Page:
To learn more about Belize adventure vacations from Placencia and Chabil Mar – Contact Us – Click Here
OR – Call Toll Free US/CAN: 1-866-417-2377 – Local: 011-501-523-3606
Every year on November 19, Garifuna Settlement day is observed which marks the arrival of the Garifuna people in Belizean territory in 1802. The holiday was created by Thomas Vincent Ramos, a Belizean civil rights activist and is celebrated for a whole week with major festivities that include parades, live music, drumming, dancing, prayers and pageantry in Garifuna communities. Here are 6 things to know about the Garifuna people of Belize:
1.) In 2001, the United Nations Educational, Scientific and Cultural Organization (UNESCO) recognized the Garifuna language, music and dance as a masterpiece of the oral and intangible heritage of humanity. This designation means that it is a important culture that should be preserved, promoted and celebrated.
2.) According to Historians, the Garifuna resisted British and French colonialism in the Lesser Antilles and were defeated by the British in 1796. Because of a violent rebellion on St Vincent, the British moved 5000 Garifuna across the Caribbean to the Bay Islands off the north of Honduras. From there, they migrated to the Caribbean coasts of Nicaragua, Honduras, Guatemala and Belize. By 1802 about 150 Garifuna had settled in Stann Creek (present day Dangriga) area and were engaged in fishing and farming.
3.) The Garifuna are resilient people who have survived many years of extreme hardships and are the only black people in the Americas to have preserved their native Afro-Caribbean culture due to the fact that their ancestors were never slaves. The Garifuna’s deep sense of kinship and participation in community cultural activities have provide them with a sense of solidarity and cultural identity during times of turmoil.
4.) The religion of the Garifuna consists of a mix of Catholicism, African and Indian beliefs. They believe that the departed ancestors mediate between the individual and external world and if a person behaves and performs well, then he will have good fortune. If not, then the harmony that exists in relationships with others and the external world will be disrupted leading to misfortune and illness. Their spiritualism is expressed through music, dancing and other art forms.
5.) The Garifuna foods consist of fish, chicken, cassava, bananas and plantains. One of the staples of the diet is cassava. Cassava is made into bread, a drink, a pudding and even a wine! The cassava bread is served with most meals. The process of making the bread is very labor intensive and takes several days. Hudut is a very common traditional meal. Hudut consists of fish cooked in a coconut broth (called sere) and served with mashed plantains or yams. Dharasa is the Garifuna version of a tamale made with green bananas. It can be made either sweet or sour. The foods are very labor intensive and used to be cooked over an open fire hearth. Today, stoves save time, but some families still prefer the taste of the fire hearth.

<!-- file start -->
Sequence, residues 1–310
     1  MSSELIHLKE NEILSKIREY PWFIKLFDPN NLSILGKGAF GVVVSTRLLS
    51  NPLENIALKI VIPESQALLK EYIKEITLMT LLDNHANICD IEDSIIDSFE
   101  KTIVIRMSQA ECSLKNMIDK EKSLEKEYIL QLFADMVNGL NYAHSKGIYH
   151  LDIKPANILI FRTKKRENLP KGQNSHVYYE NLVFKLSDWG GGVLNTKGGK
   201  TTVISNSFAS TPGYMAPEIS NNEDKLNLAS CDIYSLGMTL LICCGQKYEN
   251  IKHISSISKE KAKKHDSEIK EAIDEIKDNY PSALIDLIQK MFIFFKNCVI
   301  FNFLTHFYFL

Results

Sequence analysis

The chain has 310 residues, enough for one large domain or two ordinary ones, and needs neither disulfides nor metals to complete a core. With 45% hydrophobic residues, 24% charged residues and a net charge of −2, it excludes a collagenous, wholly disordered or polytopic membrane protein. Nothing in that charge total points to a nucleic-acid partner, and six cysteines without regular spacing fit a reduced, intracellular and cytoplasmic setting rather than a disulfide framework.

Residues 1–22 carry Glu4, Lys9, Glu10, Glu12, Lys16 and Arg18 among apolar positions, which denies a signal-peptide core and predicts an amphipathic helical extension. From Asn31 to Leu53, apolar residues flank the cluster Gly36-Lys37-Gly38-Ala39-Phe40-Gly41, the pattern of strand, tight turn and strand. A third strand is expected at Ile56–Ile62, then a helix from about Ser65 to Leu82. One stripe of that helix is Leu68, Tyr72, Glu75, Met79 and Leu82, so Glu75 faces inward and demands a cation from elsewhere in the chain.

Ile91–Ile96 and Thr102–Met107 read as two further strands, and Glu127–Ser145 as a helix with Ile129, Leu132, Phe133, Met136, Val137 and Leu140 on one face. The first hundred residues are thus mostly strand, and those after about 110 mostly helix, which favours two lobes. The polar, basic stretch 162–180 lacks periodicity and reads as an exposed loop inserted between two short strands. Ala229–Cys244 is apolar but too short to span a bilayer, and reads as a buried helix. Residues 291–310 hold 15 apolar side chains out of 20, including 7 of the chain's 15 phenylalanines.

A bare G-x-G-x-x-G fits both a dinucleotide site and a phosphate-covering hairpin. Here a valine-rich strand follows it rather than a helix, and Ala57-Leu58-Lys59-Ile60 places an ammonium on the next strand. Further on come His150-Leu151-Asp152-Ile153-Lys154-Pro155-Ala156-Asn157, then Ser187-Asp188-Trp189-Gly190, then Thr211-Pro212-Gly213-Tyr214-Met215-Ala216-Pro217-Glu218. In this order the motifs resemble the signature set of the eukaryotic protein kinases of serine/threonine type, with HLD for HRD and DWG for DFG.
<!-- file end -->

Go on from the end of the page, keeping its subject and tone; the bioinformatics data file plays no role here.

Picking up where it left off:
6.) The Garifuna flag consists of three horizontal strips of black, white and yellow, in that order, starting from the top. The flag has been accepted internationally as the flag of the Garifuna Nation and the colors have been used in forums where Garifuna people assert their Garifuna identity. Discover the culture of Belize.
What’s it like in Placencia? Where is the Peninsula? Where is the Village located?
Living in Placencia, Belize: Paradise Found
FROM SUZAN HASKINS AND DAN PRESCHER and International living – Excerpts
Just where is Placencia? It’s about a three-and-a-half hour drive south of Belize City. Placencia town lies at the tip of a 16-mile long narrow strip of land known as the Placencia Peninsula. The peninsula, only a half-mile wide at its widest point, offers Caribbean beachfront to the east and a protected lagoon on the western side where manatees are often seen. Everything here is close to the water, and all along the paradisiacal peninsula on either side you’ll find restaurants, hotels and small resorts, individual homes, and all those new residential communities. Here are some fast facts about the Placencia Peninsula. There are basically three villages on the peninsula: tiny Maya Beach (more an “area” than a town), the Garifuna settlement of Seine Bight, and Placencia town. Only a few thousand people live on the peninsula, centered around these three small villages, the largest of which is Placencia town with about 1,000 residents.
On a fun note, that road we talked about earlier… it dead ends at the southern tip of the peninsula in Placencia town, which itself offers another north/south transportation artery — the Placencia Sidewalk. It’s 4,071 feet long and 4 feet wide, and according to the Guinness Book of World Records, it’s the narrowest main street in the world. Read the entire article here!